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East Indian Cane Cutter - Guyana - Photo by John Gimlette

East Indian Cane cutter – Guyana
Photo by John Gimlette (2013)

In honor of Guyana’s fiftieth Independence anniversary on May 26th, my Poetry Corner April 2016 features an excerpt from the poem “Sugar” by Guyanese poet and award-winning short story writer Ruel Johnson. His work largely focuses on social and political issues facing Guyana. In the long, multi-sectional featured poem, he addresses the legacy of colonialism on the enduring divide between the two major ethnic populations: the descendants of African slaves and East Indian indentured laborers.

In section 1—stalk, Johnson recalls his boyhood days growing up in the capital. Sugarcane was a sweet treat. His imagery of his mother whacking the stalk along the joints with her best knife takes us into the canefields. The sweet juice comes at a great price.

a boy’s soft teeth strip away
the fire-hardened skin to suck
the heat-sweetened blood beneath
of the sacrificial stalk

Cane Man in section 2—cane personifies the East Indian sugarcane worker struggling to survive a failing industry in the late 1980s. With his body broken after years of labor in the canefields, Cane Man wanders the streets of the capital selling sugarcane. After years of exposure to the sun, his burnt skin is almost as black as the Afro-Guyanese. In the harsh routines of his day-to-day life, Cane Man has long forgotten his own name.

one day a bold friend of mine
grew bolder still and asked his name
to hear him say, matter-of-fact,
me dun fugget am, lang time back

we simply thereafter
called him “Sugar”

To forget our name is to forget our origin; to lose our identity; to become worthless in the society.

During the struggle for independence, the enmity between blacks and East Indians—bitter fruit of the British colonial policy of divide and rule—came to a head in the 1960s racial disturbances. In section 3—kurukshetra, we learn that interracial marriages between blacks and East Indians don’t prevent them from killing each other. As the poet notes, the truth about those dark days remains hidden: whitened and made silent / age after age after age after age.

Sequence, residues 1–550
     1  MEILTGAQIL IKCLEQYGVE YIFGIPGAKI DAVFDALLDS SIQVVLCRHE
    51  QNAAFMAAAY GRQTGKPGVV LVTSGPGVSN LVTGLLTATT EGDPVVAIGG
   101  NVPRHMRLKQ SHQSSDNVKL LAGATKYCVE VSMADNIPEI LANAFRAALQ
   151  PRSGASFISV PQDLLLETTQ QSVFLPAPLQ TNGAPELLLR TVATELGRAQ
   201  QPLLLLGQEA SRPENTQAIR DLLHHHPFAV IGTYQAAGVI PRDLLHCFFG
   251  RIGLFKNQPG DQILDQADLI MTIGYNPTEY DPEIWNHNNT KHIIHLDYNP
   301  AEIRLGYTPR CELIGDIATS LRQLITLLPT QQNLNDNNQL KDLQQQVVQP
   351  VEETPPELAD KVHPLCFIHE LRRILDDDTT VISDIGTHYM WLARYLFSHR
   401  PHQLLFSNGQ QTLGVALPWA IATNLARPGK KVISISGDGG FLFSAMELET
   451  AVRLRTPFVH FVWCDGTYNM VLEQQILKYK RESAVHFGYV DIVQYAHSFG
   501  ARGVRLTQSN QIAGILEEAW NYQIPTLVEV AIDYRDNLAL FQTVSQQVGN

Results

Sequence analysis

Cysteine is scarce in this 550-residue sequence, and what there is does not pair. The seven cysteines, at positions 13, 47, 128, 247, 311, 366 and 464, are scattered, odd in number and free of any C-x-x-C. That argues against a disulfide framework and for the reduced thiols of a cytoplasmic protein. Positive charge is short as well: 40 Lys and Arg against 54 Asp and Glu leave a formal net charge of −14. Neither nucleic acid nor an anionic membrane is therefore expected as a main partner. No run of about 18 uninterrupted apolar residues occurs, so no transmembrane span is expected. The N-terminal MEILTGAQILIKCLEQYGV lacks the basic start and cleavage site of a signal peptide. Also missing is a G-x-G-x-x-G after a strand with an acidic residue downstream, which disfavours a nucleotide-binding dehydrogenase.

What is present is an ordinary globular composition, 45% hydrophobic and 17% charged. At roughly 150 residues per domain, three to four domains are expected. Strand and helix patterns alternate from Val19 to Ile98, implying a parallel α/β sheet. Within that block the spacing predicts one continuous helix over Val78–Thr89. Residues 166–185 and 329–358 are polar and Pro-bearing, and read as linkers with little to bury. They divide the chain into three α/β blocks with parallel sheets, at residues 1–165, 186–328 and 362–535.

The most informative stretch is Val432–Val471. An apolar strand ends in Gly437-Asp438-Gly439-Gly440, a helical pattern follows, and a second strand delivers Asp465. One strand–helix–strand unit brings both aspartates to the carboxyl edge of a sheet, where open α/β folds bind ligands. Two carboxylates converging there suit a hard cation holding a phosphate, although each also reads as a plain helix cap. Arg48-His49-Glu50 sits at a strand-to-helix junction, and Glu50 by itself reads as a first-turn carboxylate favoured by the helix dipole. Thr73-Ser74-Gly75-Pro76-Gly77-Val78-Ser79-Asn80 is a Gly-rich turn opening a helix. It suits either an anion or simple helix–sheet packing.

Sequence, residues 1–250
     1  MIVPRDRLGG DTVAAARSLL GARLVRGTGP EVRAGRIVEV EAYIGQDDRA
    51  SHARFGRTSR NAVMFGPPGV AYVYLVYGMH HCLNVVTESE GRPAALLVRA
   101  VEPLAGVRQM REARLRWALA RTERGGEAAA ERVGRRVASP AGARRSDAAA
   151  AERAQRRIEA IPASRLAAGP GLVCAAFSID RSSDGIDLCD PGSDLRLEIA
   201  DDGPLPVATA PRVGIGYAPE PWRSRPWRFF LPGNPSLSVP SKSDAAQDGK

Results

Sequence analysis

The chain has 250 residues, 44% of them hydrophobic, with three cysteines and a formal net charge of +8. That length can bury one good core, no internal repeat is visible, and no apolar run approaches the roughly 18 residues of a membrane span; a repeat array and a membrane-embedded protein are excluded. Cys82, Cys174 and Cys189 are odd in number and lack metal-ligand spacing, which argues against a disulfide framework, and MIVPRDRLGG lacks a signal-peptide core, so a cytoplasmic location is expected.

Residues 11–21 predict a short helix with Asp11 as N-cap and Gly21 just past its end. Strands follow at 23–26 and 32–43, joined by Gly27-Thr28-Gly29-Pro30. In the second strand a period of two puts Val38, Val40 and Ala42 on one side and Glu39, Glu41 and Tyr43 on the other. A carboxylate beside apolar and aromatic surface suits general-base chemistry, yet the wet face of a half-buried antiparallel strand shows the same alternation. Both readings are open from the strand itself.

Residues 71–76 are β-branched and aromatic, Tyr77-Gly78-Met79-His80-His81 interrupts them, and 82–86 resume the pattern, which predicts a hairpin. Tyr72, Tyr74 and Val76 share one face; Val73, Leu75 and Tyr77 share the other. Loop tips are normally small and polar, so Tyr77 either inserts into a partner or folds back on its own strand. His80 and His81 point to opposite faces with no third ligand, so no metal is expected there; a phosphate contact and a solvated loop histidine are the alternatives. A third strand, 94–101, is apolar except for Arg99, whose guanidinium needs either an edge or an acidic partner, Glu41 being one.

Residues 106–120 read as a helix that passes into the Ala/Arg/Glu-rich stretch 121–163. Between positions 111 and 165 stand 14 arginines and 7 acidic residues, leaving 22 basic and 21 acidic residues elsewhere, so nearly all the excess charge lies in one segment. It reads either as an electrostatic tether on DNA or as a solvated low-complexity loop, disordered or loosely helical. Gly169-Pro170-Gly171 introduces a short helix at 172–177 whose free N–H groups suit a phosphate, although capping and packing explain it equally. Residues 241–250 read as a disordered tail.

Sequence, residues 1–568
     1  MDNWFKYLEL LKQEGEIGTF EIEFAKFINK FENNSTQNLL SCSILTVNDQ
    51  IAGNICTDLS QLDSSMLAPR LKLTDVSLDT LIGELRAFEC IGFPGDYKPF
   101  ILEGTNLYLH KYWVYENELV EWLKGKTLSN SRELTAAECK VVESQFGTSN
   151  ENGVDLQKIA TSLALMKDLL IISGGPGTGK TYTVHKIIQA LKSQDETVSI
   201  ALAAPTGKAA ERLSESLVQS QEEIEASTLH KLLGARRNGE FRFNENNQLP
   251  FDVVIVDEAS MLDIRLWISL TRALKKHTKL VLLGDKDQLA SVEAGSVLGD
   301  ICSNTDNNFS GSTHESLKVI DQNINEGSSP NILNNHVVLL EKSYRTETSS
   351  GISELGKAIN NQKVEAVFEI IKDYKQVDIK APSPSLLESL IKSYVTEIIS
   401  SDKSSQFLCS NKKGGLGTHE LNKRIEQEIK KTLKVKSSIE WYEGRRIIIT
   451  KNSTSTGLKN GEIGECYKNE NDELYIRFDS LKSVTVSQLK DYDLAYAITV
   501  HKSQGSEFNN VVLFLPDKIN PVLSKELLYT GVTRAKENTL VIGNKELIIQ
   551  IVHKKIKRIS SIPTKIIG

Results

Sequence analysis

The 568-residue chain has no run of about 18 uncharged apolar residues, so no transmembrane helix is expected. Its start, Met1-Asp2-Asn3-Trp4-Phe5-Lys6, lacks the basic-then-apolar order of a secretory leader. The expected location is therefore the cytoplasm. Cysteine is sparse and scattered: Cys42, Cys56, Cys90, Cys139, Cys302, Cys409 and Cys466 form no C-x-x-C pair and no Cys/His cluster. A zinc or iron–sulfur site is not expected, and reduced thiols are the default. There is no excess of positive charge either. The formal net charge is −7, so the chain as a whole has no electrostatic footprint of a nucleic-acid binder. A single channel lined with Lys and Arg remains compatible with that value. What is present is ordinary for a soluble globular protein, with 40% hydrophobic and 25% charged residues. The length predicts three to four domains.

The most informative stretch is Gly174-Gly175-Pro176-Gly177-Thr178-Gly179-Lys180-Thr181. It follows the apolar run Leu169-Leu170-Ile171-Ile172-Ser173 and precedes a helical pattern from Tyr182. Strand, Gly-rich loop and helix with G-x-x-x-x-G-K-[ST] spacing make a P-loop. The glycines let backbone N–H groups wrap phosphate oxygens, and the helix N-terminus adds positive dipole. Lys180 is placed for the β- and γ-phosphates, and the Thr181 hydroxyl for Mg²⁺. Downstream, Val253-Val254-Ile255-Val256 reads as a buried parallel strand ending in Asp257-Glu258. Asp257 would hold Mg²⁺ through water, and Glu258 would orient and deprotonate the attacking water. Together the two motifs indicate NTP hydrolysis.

Ten years after independence, the Guyana government nationalized the sugar industry. Little changed in the lives of the sugarcane workers. As Johnson accounts in section 4—uitvlugt, violence persists among rural East Indian families. He uses the Creole language common among rural workers to relate the story of a boy in Uitvlugt who chopped off his brother’s head.

look deh, right suh
me hear a bai dah killee brudda
chap a bai head cleen cleen aff

Johnson observes in section 5—la jalousie that even religious leaders within the community are unable to change the fate sugar metes out on the landscape and its peoples.

the grand amnesiac Atlantic lashing all
its banishment’s fury against the seawall

Section 6—providence presents a critical look at the role of the Christian Church in converting early East Indian arrivals. In time, the reality of their lives on the sugar plantations led some to view their Christian faith as “righteous bitterness.” With brother murdering brother and daughters taking their own lives, the Christian god had brought only pain and grief.

In section 7—la penitence, Johnson brings together the endless pain and dying of sugar workers, both African and East Indian, across the centuries. As an Afro-Guyanese, he laments: my own brother’s blood cries out from the ground… where your housing scheme cottage sits… stood the tree in an open field where I tried to hang myself,  failing—I have been dying these past two hundred years.

Cane Man is finally laid to rest in section 8—le repentir, the cemetery in the nation’s capital. Before rebounding in 2002, the sugar industry collapsed in 1988. Johnson recalls:

few kites flew in the sky
that Easter season of 1989
the week after we boys laid
Sugar to rest…

Only a stygian trench separates the land of the sorrowful living in La Penitence from the land of the sorrowful dead in Le Repentir.

As Guyana commemorates its fiftieth anniversary of independence, its peoples at home and in the Diaspora should not forget the role of sugar in our nation’s birth and development, summed up so well in Johnson’s final section 9—le ressouvenir.

this is owed, in the recollection of things
the precarious accounting of confessions
and their alleged crimes—your graces,
I did not mean to murder my brother

With each harvest season, religious differences didn’t matter.

what mattered most was blood
and this sweetness hard-wrought
by bone and sharp, ringing steel
from the earth’s brown bosom.

Guyana’s sugar industry is bankrupt. Factory closures are on the horizon. Workers fear loss of income. After almost four centuries of holding onto Sugar’s pain and grief, perhaps the time has come for the nation to let go of Sugar. New opportunities await as the breadbasket of the Caribbean Region.

To read the complete excerpt of section 2—cane and learn more about the work of Ruel Johnson, go to my Poetry Corner April 2016.